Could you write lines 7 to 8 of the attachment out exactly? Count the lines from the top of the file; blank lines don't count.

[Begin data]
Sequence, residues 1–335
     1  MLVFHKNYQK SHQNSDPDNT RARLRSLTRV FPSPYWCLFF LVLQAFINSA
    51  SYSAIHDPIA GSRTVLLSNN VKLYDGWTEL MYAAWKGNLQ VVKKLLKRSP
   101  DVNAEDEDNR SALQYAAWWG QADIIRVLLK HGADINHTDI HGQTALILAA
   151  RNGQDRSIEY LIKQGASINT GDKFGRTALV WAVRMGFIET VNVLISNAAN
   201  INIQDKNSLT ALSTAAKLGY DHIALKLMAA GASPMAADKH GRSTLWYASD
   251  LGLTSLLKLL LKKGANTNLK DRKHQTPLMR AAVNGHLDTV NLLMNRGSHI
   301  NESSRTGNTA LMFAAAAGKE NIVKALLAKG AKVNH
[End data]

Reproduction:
   251  LGLTSLLKLL LKKGANTNLK DRKHQTPLMR AAVNGHLDTV NLLMNRGSHI
   301  NESSRTGNTA LMFAAAAGKE NIVKALLAKG AKVNH